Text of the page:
Cleaning up in Cleveland Street – looking below the surface

I read the following article in the Sydney Morning Herald about a two brothers that bought a terrace on Cleveland Street in Chippendale (suburb next to Redfern on the edge of the Sydney CBD). They completely renovated the property and recently sold it for $940,000, which was $5,000 below the record for that suburb. They had paid $675,000 for that property in late 2010.

However, my concern is that this just propagates the idea that property is a great investment and in particular that one can make money by buying old/rundown properties, renovate them and sell at a profit. I believe the headline figures and the general discussion of the article reflect this.

For example, your first impression might be wow! $940,000, looks like they made a lot?

Purchase price 675,000
Sale price 940,000
Face-value profit 265,000
‘Growth’ 39%

But then you read that they spent $215,000 on renovating it:

Purchase price 675,000
Renovations 215,450
At cost 890,450
Sale price 940,000
Face-value profit 49,550
‘Growth’ 7%

Now, 7% might not be huge but it may still seem like a good return to you. And note, that this is all the information that the article gives you.

But, then i began to think about all the other costs associates with a property:

  1. what about stamp duty and other fees associates with the transfer of property?
  2. how did they finance the purchase, did they take out a mortgage?
  3. what about general price inflation?

So i began to investigate these and tried to estimate each. Now I’ve had to make a few assumptions, in particular about financing, but I believe these are fairly standard.

Stamp duty

Stamp duty 25,865
Mortgage registration 100
Land transfer 200
Stamp duty and fees 26,165

Estimate sourced from:


Assumptions: They got an investment loan with a LVR of 80% (i.e. a 20% deposit). They bought it in late 2010 and sold it in May 2012, so lets say 18 months duration. The average discounted variable interest rate over this period was 6.94% (source: RBA).

Mortgage amount 540,000
Interest cost 60,750
Establishment fee 600
Mortgage interest & fees 61,350

In addition, I’ll assume that the brothers have financed the renovations with their own money (i.e. equity funded). Whilst this is a big assumption, it means that my estimates are conservative


Generally speaking, prices rise year on year and this is illustrated by the general inflation rate reported by the RBA. Simply put, if I buy a property for $100 today, in 10 years, even if there was no real growth in house prices (driven by supply/demand forces), the price of the property will be higher because of general inflation in the economy, how much higher? well depends on what the general inflation rate is.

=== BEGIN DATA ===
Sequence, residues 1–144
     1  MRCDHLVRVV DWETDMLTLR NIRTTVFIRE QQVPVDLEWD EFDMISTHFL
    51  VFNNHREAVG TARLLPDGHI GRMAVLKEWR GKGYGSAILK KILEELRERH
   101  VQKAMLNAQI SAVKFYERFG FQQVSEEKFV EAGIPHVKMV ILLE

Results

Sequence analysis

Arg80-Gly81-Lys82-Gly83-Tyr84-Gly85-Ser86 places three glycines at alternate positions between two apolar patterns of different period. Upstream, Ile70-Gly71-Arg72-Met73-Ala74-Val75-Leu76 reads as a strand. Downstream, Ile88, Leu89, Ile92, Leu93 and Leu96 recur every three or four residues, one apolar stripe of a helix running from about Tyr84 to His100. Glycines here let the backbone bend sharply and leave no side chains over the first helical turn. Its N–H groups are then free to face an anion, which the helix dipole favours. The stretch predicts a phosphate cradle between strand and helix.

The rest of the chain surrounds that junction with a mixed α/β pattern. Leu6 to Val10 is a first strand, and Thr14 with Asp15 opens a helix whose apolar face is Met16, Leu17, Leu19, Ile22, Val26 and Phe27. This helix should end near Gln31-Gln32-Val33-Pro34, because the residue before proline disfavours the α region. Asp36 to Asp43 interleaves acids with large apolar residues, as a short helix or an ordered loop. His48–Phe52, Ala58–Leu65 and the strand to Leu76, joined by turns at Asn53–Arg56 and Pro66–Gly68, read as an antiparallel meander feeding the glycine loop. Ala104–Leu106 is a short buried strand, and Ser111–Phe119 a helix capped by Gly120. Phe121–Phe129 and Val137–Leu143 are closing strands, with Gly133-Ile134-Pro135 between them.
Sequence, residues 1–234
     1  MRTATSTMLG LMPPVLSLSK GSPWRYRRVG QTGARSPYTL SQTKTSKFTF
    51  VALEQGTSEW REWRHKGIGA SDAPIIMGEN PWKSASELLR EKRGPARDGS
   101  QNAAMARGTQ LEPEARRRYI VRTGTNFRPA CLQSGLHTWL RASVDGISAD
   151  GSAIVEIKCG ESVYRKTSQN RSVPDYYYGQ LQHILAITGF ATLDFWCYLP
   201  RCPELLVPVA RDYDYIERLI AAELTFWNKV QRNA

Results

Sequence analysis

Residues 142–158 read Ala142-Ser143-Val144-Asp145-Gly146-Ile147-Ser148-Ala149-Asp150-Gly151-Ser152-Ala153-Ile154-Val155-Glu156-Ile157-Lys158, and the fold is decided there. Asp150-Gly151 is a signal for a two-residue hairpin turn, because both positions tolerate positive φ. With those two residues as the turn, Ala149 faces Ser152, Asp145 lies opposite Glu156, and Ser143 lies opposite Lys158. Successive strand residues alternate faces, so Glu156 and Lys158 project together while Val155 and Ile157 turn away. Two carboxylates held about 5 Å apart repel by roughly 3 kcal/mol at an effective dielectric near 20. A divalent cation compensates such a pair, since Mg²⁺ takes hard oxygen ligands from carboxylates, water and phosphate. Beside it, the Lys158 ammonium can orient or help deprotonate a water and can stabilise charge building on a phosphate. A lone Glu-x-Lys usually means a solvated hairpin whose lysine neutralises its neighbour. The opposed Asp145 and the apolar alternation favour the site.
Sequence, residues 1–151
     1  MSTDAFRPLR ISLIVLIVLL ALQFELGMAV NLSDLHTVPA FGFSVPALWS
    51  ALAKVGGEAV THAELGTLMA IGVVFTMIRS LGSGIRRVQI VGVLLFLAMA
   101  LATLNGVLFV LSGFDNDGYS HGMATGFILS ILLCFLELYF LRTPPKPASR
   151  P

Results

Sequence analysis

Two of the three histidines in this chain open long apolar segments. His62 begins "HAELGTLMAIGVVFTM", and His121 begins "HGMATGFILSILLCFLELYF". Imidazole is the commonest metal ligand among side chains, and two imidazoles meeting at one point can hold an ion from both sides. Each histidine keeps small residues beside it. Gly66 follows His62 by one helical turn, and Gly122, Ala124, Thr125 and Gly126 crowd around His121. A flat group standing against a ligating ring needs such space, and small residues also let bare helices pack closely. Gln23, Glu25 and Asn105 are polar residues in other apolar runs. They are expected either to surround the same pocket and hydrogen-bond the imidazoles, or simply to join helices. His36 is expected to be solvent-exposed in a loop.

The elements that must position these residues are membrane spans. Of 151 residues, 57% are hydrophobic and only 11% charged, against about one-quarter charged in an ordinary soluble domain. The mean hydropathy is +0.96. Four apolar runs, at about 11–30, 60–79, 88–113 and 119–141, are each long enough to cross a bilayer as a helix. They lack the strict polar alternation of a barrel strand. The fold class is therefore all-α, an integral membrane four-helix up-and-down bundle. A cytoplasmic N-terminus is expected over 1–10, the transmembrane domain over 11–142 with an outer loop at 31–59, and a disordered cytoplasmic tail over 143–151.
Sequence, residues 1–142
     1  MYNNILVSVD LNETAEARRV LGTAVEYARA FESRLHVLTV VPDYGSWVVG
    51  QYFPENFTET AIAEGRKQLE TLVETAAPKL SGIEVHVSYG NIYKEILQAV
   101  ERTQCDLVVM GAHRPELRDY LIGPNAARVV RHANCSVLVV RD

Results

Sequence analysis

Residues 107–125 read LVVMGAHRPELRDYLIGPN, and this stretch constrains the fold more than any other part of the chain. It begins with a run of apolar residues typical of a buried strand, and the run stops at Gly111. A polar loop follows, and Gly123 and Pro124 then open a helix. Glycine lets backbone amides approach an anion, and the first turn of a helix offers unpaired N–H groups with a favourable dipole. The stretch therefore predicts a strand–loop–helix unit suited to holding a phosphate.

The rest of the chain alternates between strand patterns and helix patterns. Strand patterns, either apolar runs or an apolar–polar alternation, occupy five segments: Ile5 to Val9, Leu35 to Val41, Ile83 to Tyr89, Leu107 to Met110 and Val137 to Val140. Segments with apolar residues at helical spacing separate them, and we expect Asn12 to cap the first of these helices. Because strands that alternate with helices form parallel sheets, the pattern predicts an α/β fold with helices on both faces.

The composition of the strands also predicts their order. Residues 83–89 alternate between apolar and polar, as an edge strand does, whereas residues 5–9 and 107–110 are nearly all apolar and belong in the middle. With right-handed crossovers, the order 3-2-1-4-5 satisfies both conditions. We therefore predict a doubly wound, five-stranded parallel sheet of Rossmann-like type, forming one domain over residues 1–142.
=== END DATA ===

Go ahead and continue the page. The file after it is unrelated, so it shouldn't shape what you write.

I used the RBA’s inflation calculator to provide a general estimate ( (Calculated quarterly from Sep-2010 to the Mar-2012 quarter)

Purchase price 675,000
Price after inflation 699,150
General inflation value   24,150

Overall picture

Including these costs in the initial calculation, the total costs incurred by the two Brothers is about:

Purchase price  675,000
Renovations  215,450
Stamp duty and fees    26,165
Mortgage interest & fees    61,350
General inflation value    24,149
Total 1,002,115

So the estimated profit is? NIL.

After including stamp duty, financing costs and accounting for general price inflation, the real loss is $62,000.

Purchase price    675,000
Actual total cost 1,002,000
Sale price    940,000
Loss     -62,000
Return on investment  -9%

What was the return on investment?

In this example, I assumed the Brothers put down a 20% deposit when they purchased the property, i.e. $135,000. I also assumed the renovations were funded by their own money, i.e. another $215,450. So the two Brother’s effectively invested $350,450 of their own money.

Ignoring the general inflation value above (which is a non-cash amount), the cash loss at sale was -$37,850.

Which gives a return on investment of -11%.

Anyone can tell you that you should not investment your money in anything that gives you a NEGATIVE return on investment, which means you’re going to loose money!

Also, there are others costs involved in this entire process which are material, but have not been considered. E.g.

  • Financing cost of money needed for renovations
  • Capital Gains Tax
  • Cost of DA process (lawyers etc)
  • Cost of project manager (during the 6 month construction period)
  • Sale costs, e.g. advertising, agent’s commission
  • Other costs unknown to this amateur property observer like me

So the real cost loss would have been greater than shown above.

A simple alternative

The Brothers could have taken the $350,450 they invested in the property, put it into a term deposit or a high-interest e-Saver, and over the 18 months they could have earned around 5.5% interest (with interest compounded monthly)

After paying personal tax, in general, the Brothers could have earned about $21,000 after tax for a return on investment of about 6.0%.

Cash ‘savings’ 350,450
Interest rate 5.50%
Interest income 30,067
Tax rate (assume) 30%
Net interest income 21,047
Return on investment 6.0%

How would you choose to invest your money?


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